The Name Game

When creating a corporation, many business owners have a preference for using their own surname as the company name. It’s a source of pride and also helps any existing customers identify the goods and services they sell as specific to them. And besides that, everyone should have the right to use their own name, right? But this practice can become problematic when it comes time to trademark the company name.

Surnames generally do not qualify for trademark registration unless the name obtains a secondary meaning related to the company’s goods or services, as in the case of “McDonald's” for fast food. But it generally takes a significant amount of advertising and use over a long period of time to obtain this status, called “acquired distinctiveness” in the trademark world.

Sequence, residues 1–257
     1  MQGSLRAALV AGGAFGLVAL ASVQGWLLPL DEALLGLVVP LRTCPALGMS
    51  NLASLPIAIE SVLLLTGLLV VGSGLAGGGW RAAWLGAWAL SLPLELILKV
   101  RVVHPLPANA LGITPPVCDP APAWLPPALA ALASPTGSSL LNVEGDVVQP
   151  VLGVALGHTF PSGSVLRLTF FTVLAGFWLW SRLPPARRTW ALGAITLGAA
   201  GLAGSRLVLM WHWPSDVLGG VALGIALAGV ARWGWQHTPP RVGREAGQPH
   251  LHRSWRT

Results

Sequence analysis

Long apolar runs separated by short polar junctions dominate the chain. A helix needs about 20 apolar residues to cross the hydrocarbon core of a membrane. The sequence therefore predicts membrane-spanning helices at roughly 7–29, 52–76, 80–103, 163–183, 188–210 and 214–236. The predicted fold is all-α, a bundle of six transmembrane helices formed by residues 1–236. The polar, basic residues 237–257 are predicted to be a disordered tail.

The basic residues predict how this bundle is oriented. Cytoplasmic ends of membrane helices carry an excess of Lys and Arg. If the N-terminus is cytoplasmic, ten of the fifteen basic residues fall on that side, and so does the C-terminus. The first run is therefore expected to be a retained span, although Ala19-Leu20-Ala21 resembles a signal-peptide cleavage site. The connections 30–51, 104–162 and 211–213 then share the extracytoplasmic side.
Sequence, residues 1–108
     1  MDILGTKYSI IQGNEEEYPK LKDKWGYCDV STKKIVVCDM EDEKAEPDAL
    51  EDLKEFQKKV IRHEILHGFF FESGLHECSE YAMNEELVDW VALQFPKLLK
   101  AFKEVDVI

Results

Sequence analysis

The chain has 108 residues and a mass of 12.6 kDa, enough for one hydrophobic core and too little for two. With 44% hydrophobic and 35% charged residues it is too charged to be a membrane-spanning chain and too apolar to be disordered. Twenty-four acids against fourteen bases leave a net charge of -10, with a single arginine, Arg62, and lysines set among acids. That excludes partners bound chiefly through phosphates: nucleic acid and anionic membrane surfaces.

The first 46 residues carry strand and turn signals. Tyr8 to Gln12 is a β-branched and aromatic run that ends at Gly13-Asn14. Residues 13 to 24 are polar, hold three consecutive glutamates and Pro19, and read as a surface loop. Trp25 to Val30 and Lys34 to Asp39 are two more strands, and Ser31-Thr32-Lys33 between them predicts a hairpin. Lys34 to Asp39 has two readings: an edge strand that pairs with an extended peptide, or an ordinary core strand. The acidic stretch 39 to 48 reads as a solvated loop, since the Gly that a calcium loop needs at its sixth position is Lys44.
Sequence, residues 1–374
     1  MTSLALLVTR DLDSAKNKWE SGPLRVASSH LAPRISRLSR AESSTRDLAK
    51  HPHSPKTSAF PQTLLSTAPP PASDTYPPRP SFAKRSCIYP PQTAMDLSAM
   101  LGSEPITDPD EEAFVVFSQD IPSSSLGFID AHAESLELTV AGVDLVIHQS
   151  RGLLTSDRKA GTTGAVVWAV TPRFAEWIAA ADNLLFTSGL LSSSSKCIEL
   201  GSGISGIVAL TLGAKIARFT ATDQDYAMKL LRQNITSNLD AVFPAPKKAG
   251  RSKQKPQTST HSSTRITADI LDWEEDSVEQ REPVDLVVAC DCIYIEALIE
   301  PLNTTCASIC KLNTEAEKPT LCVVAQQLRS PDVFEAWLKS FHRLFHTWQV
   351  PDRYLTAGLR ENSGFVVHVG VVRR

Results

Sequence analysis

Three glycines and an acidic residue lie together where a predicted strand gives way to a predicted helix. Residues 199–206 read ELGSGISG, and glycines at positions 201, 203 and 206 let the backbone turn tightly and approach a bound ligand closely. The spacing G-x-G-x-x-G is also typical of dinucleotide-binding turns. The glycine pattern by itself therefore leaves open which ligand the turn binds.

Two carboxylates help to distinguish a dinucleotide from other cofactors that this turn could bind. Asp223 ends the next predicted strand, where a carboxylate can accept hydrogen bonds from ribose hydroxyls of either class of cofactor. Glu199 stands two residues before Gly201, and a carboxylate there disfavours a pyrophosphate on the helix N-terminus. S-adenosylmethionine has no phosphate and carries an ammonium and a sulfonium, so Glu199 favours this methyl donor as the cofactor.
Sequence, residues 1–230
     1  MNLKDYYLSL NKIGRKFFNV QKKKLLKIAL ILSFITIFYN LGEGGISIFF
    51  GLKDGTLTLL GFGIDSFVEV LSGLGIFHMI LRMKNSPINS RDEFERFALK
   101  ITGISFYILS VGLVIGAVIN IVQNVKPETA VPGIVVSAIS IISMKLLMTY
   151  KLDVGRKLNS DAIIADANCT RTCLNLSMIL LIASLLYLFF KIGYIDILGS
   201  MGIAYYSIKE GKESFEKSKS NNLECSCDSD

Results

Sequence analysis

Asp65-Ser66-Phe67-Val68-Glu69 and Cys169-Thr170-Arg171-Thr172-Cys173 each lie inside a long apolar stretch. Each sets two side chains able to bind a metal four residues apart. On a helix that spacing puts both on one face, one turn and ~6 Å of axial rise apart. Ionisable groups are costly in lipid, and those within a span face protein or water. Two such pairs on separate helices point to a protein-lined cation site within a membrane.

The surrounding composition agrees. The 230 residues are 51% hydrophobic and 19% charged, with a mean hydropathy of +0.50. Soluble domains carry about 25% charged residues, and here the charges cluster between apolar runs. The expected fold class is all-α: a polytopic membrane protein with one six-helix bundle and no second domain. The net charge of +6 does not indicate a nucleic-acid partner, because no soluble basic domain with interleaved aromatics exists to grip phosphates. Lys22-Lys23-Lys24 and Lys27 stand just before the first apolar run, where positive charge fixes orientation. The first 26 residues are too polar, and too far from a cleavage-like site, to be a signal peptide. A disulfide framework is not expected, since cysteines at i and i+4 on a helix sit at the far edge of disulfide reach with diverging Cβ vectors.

And things only get more complicated from there. If a corporate surname does achieve the acquired distinctiveness designation, that name then becomes off-limits to all uses that are similar. So if your name is McDonald and you want to open a sub shop, you’re likely out of luck despite the fact that you are using your own name.

There are a few ways to improve the odds of obtaining approval to register a trademark that includes a surname. In reviewing a mark that includes a surname, the federal trademark office will consider whether your name is unusual and how many people will be affected by the registration. The more unusual the name, the more likely it is to be permitted. The inclusion of other words or designs may also help make your mark more distinctive because those other terms and designs can affect how a consumer perceives the name. And if your surname has a dictionary meaning (it also functions as a word) like “Spray,” it is treated like any other trademark, bypassing the surname blockade altogether.

When it comes to naming your next venture, make sure your pride doesn’t cause you prejudice. If you have questions, please give us a call at (248) 477-6300 or visit our website. We can help.

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